Local Officer Turns Novelist
By KIM SHOEMAKE
SERGEANT AND WRITER: Gary Neece is a full-time sergeant and 22-year veteran of the Tulsa Police Department and recently became a part-time writer. In 2013, Neece published two crime novels, with plans for future books in the works.
Gary Neece, sergeant and 22-year veteran of the Tulsa Police Department, surprised even himself when he added author to his list of accomplishments. Neece’s introduction into the world of writing crime fiction began in 2008, when he was searching for a new hobby. “I just sat down and started writing,” says Neece, “and the first book just poured out.” A rough draft of his first book was finished within six months. While he originally had no intention of sharing his manuscript with anyone except close friends and colleagues, as he received positive feedback, he wondered if he might have the potential for a writing career.
Neece drew much of the inspiration for his first two books, Cold Blue and Sins of Our Fathers, published in 2013, from his 20 years of policing, in particular his time spent in the Special Investigations Division, where he supervised the department’s undercover Vice/Narcotics Unit. Writing fiction allowed him the opportunity to capture some of those real-life moments and use them for inspiration. Both books are based on the fictional character, Tulsa Police Department Sergeant Jonathan Thorpe. The first chapter of Cold Blue sets the tone of the novel by detailing the murders of Thorpe’s wife and young daughter. The protagonist, Thorpe, becomes frustrated with the lack of progress in the investigations into their deaths and sets out on his own covert operation to find their murderers.
Though he often draws inspiration from actual events, Neece combines imagination with reality in creating his storylines. “If I wrote about what real police officers do every day, no one would want to read it,” he says, adding that he often embellishes certain details to make a plot more exciting.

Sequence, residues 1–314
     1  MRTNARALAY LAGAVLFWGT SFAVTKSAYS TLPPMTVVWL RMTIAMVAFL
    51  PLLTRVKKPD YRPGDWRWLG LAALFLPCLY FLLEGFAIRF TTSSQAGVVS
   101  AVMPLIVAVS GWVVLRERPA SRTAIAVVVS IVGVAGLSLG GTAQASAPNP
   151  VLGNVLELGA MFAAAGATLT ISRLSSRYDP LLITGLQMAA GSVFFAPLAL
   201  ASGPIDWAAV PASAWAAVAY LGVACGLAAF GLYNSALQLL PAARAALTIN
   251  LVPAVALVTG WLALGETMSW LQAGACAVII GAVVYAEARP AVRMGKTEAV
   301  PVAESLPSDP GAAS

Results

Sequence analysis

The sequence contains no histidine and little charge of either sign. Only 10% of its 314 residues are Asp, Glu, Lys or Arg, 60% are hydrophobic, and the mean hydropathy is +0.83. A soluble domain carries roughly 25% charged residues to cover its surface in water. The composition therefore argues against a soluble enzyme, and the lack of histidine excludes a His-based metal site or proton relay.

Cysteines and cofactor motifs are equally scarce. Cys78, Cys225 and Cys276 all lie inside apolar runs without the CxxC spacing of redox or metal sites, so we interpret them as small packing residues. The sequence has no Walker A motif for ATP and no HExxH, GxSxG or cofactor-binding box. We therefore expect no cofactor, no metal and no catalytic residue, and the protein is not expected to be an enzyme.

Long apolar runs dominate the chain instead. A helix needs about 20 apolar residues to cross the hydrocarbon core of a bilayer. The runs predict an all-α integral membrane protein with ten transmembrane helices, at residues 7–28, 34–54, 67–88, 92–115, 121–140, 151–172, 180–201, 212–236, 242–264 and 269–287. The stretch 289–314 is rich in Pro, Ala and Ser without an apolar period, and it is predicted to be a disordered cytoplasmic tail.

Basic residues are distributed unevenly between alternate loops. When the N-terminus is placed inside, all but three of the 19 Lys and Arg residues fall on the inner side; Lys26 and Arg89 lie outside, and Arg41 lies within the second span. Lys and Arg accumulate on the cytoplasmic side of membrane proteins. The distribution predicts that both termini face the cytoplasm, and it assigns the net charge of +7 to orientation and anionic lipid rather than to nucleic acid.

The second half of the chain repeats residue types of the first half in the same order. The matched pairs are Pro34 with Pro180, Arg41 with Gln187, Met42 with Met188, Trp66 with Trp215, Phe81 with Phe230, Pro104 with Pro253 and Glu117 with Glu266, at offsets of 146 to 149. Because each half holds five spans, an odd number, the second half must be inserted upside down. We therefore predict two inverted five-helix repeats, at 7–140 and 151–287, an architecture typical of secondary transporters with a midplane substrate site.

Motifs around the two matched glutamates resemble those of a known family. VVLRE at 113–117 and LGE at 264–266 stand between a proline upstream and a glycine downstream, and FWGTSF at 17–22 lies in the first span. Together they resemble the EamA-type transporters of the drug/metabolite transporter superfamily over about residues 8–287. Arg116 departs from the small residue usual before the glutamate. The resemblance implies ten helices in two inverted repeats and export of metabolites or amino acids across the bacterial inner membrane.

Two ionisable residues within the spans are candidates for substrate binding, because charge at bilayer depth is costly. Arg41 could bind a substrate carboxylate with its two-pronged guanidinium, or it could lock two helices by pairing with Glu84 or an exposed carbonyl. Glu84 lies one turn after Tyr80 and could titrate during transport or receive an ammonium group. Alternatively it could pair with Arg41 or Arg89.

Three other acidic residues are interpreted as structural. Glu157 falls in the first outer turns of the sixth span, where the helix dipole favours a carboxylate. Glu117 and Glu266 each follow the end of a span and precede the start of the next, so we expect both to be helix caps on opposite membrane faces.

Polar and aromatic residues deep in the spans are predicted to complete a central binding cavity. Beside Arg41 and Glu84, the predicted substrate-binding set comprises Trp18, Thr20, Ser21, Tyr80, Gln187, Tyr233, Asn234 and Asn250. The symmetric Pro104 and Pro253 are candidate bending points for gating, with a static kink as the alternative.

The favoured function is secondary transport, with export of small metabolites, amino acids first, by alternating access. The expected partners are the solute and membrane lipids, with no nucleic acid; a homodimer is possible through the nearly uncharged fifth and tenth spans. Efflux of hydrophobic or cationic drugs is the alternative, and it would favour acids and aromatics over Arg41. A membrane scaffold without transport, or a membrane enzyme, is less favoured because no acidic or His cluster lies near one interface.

Shifting genres for his third book from crime fiction to dystopia, Neece is ready to show readers a different side of his imagination. “I get bored. My degree is in psychology, but I couldn’t see myself sitting behind a desk for 20 years,” he says, “That’s why I chose police work.” Because of the popularity of crime fiction, Neece believes it’s a challenge to come up with an original idea within that genre. His third book, a horror dystopian fiction novel set on Norway’s Lofoten Islands, centers on Hemi, a 16-year-old orphan, inexplicably thrust into an elite unit tasked with keeping alive the remnants of human society. Though he’s enjoying the challenge of writing in a different genre, he assures his crime fiction fans there will be a third book in the Jonathan Thorpe series at some point in the future.
Balancing his schedule with the police department and his family life, Neece uses his days off to write. “I usually write for three or four hours at time,” says Neece, adding that he prefers not to use an outline as some authors do, instead allowing the story to develop on its own. “I like to watch it unfold like a movie.” With plans to retire in the next several years, his aspiration is to continue his career path in writing.
Neece resides in the Tulsa area with his wife, a teacher with Union Public Schools, and his daughters, both of whom attended Union Public Schools. Cold Blue and Sins of Our Fathers can be found locally at Gardner’s Used Books and The Book Place, both located in Broken Arrow, and online through Amazon, Barnes and Noble, and other major book retailers.